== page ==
Ludlow man pleads guilty to firearm possession

Kirk Boxleitner kboxleitner@ptleader.com
Posted 5/23/17

A Port Hadlock man who was scheduled to stand trial this month on charges of unlawful possession of firearms has instead reached a plea agreement with Jefferson County prosecutors.

Frankie Gene …

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Ludlow man pleads guilty to firearm possession

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A Port Hadlock man who was scheduled to stand trial this month on charges of unlawful possession of firearms has instead reached a plea agreement with Jefferson County prosecutors.

Frankie Gene Bocook Jr., 39, is being considered for entry into the county’s drug court program, in exchange for seven of the 14 charges against him being dismissed, after he pleaded guilty May 12 in Jefferson County Superior Court to the other seven counts.

Bocook pleaded guilty to six counts of unlawful possession of firearms, and one count of possession of a short-barreled shotgun.

“Because the firearms were all found in the same place (the master bedroom of his residence) at the same time, and the victim (society) is the same, these counts encompass for purposes of sentencing,” Chief Deputy Prosecuting Attorney Julie St. Marie wrote in an email to The Leader May 19.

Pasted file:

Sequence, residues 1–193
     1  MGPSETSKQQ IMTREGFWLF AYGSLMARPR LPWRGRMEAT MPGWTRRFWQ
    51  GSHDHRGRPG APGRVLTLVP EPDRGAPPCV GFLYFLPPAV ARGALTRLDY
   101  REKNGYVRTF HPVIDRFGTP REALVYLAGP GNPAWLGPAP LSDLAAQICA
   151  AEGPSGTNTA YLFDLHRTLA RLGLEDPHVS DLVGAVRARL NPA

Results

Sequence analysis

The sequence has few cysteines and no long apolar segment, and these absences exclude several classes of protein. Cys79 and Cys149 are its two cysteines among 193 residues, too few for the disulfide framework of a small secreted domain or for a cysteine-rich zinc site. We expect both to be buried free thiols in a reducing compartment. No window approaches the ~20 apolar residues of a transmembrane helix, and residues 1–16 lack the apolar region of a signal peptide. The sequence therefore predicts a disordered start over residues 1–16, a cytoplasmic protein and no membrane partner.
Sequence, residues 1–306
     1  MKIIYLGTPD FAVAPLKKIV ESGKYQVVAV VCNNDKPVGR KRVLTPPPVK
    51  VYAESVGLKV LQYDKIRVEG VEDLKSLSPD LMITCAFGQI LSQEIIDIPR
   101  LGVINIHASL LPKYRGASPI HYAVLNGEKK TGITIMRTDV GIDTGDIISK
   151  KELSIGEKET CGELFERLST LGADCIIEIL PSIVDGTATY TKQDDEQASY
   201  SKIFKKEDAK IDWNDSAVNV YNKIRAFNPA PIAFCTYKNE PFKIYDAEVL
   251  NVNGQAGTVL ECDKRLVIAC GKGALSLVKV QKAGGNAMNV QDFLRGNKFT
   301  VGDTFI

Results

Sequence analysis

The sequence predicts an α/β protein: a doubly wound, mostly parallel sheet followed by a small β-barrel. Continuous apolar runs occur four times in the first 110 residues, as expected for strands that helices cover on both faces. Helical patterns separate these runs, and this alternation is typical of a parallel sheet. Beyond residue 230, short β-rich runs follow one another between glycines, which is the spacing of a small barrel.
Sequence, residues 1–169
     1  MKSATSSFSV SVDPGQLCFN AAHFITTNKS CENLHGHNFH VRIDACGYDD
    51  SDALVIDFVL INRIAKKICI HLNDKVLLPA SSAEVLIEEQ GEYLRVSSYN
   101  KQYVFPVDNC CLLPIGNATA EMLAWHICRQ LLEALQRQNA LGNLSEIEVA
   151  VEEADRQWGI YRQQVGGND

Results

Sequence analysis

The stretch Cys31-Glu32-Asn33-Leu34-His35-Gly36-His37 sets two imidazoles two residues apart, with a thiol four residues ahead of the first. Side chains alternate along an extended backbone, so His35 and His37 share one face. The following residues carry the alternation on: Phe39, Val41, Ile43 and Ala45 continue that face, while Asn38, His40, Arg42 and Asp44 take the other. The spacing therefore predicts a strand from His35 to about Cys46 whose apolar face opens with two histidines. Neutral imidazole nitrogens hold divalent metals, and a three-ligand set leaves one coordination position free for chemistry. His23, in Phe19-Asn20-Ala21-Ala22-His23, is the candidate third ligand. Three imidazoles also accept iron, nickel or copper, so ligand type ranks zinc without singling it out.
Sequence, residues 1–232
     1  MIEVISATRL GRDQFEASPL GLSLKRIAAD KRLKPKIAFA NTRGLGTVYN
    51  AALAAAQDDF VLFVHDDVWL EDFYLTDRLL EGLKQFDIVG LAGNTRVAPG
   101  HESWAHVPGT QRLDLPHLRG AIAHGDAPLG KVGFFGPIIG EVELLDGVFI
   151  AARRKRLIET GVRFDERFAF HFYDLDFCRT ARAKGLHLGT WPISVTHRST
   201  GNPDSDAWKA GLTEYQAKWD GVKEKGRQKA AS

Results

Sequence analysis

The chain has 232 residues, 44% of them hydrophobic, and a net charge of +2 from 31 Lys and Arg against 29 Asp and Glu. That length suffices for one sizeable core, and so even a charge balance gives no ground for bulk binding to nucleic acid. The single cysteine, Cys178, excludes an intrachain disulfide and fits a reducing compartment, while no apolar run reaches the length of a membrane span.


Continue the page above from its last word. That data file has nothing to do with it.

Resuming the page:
According to St. Marie, Bocook entered the drug court post-plea to take advantage of its substance abuse treatment and support programs.

“Should he fail to complete the requirements of drug court, he will be remanded for sentencing,” St. Marie wrote. “The standard range is three to eight months of incarceration.”

KICKING AN ADDICTION

In a letter to the court dated May 6, Bocook wrote that he began to use methamphetamine to help him meet the increasing demands of his job as a service technician, doing double duty as an on-call emergency technician and delivery driver.

After being “let go” by his employers, he wrote that he turned to watching TV shows devoted to conspiracy theories and “doomsday preppers,” and spending his money on firearms.

“I spent the last two years dealing in antiques for survival, getting high, and being paranoid, as I could not kick the drug,” Bocook wrote. “I have been locked up for 2 months and am sober, and feel that treatment, and drug court, is my best way to address the ‘deep’ issue.”

Bocook also wrote up a plan of steps toward recovery, dated April 26, which includes attending Alcoholics Anonymous and Narcotics Anonymous meetings, and to New Horizons Counseling for anger management and parenting classes, as well as a drug evaluation.

On May 6, Bocook added the step of enrolling in drug court and meeting its requirements.

Both handwritten documents were submitted to Superior Court May 12, along with four emailed letters of support for Bocook.

Wayne Nagy, a former neighbor of Bocook, wrote that he was once “a steady worker, took care of the property he was renting, attentive to the needs of his children and generally maintained a low profile … essentially, he was a good neighbor.”

After Nagy and his wife, Kimberly, moved to Port Townsend in 2013, they continued to follow Bocook as a “friend” on Facebook, and over the course of the past year, they became aware that “things had changed, and not in a good way” in Bocook’s life.